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June 16, 2021

Cocktails-to-go measure moves forward in Pennsylvania despite Wolf's expected veto

Amended legislation that would permit takeout alcoholic beverages statewide will return to the House for a vote

A bill that would legalize takeout mixed drinks in Pennsylvania took another step forward Wednesday, but don't get your hopes up that cocktails-to-go will be back soon.

Legislation that would permanently allow for restaurants, bars and hotels to serve alcoholic beverages for takeout passed the Pennsylvania Senate. But an 11th-hour amendment added to the bill by Senate Republicans in committee on Tuesday pushed Senate Democrats and Gov. Tom Wolf to withdraw their support for the measure.

The sale of cocktails-to-go was approved in Pennsylvania last May as part of an effort to help out bars, restaurants and hotels with liquor licenses that were struggling at the height of the COVID-19 pandemic.

Any establishment that had experienced a 25% decline in average monthly sales during the public health crisis could sell takeout mixed drinks. Beverages had to be sold before 11 p.m. in containers with a secure lid. Drink quantities had to fall between 4-64 ounces. 

The measure would expire whenever Pennsylvania's COVID-19 disaster emergency was lifted. It was the first time that the state had permitted cocktails-to-go.

A bill to make the practice permanent in Pennsylvania was introduced in the General Assembly in April. The measure passed the House with overwhelmingly bipartisan support in May and was sent to the Senate for consideration.

But the future of cocktails-to-go in Pennsylvania became uncertain after voters backed a GOP-led ballot measure to restrict Wolf's emergency powers in last month's primary election. Both houses of the Republican-controlled General Assembly then quickly voted on a measure to end the governor's COVID-19 disaster declaration.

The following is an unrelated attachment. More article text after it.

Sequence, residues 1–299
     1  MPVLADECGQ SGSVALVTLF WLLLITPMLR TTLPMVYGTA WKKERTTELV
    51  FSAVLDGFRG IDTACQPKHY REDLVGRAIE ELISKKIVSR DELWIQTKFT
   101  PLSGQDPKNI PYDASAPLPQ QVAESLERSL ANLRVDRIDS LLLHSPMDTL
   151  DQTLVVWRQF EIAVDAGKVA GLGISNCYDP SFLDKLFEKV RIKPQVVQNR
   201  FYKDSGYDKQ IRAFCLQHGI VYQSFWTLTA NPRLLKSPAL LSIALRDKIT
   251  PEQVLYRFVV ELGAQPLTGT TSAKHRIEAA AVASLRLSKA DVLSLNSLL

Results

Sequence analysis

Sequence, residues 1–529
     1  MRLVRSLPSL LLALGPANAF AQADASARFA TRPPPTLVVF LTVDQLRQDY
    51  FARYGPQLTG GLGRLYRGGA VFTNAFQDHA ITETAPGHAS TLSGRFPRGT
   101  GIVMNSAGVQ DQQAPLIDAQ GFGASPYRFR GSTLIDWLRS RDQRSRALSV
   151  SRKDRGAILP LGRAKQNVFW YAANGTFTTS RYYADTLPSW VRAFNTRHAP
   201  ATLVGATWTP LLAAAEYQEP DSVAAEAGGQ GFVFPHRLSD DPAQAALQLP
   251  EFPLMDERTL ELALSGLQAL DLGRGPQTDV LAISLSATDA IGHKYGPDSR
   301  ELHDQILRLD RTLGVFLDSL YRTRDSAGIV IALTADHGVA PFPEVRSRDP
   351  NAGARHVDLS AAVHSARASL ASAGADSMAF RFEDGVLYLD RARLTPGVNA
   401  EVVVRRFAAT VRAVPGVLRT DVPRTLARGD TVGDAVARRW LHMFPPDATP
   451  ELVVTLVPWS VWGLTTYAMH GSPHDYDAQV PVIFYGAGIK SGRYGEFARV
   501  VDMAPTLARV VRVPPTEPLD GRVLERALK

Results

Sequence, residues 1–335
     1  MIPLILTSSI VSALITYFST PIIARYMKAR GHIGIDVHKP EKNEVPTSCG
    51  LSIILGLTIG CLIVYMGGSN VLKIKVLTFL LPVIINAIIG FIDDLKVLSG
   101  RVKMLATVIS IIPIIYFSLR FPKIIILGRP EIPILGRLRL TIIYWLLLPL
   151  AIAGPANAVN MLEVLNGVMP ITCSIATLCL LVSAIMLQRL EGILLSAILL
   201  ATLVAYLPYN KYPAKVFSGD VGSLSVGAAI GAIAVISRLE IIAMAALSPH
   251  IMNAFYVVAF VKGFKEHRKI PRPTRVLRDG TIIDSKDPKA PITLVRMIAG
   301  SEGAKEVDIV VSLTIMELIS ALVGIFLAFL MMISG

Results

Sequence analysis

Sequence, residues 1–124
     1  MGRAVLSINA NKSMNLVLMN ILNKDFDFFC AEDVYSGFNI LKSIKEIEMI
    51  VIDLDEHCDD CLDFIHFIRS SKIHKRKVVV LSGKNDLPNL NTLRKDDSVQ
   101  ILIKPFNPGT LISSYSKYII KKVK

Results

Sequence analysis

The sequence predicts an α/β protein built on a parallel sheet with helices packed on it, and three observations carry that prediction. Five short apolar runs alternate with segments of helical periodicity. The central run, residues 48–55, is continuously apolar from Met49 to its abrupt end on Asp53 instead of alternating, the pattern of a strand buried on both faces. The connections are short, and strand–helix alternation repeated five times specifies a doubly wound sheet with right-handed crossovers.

The certification of Pennsylvania's primary election results officially brought the sale of cocktails-to-go and expanded outdoor dining service to a close Tuesday after the PLCB informed licensees that the pandemic practice had to end effective immediately.

Meanwhile, legislation to reimplement cocktails-to-go and expanded outdoor service appeared on its way to passage in the Senate when Republicans on the Law and Justice Committee added an amendment on Tuesday that would allow grocery stores, beer distributors, convenience stores and bars to sell pre-canned alcoholic beverages.

The amendment would also allow businesses with liquor licenses to sell up to 192 ounces of ready-to-drink products for off-premise consumption while implementing no limits on distributors selling these drinks, according to

These types of drinks are only available currently in Pennsylvania through the Fine Wine and Good Spirits stores that are operated by the state.

Grocery and convenience stores can sell wine-based ready-to-drink products in limited quantities, along with malt and brewed beverage-based ready-to-drink products. Beer distributors are limited to selling just malt and brewed beverage-based ready-to-drink products for off-premises consumption.

The amended bill was approved narrowly in committee on Tuesday and sent back to the full Senate chamber for a third consideration. The Law and Justice Committee is the starting point for all liquor bills in the Senate.

Wolf said Tuesday he would sign the bill in its original form and called on the Senate to pass the legislation cleanly without any amendments.

The bill was referred Wednesday to the Senate Appropriations Committee, where it was approved along party lines and re-reported back to the full chamber for a final vote.

During a lengthy debate over the bill on Wednesday, Democrats signaled their opposition to the amendment. Democratic legislators argued that it would lead towards the privatization of wine and spirits in Pennsylvania and weaken the PLCB's ability to fund the state's budget.

Republican senators expressed their support for the amended legislation, citing the tax revenue benefits that it would bring to the state.

After narrowly passing the Senate, largely along party lines, the amended bill will head to the GOP-controlled House for a final vote before going to Wolf's desk, where a veto is expected. It is unknown when the House will take up the amended measure.

The bill would need support from two-thirds of both legislative bodies to override a veto. However, an override appears unlikely after the measure passed by a two-vote margin in the Senate.

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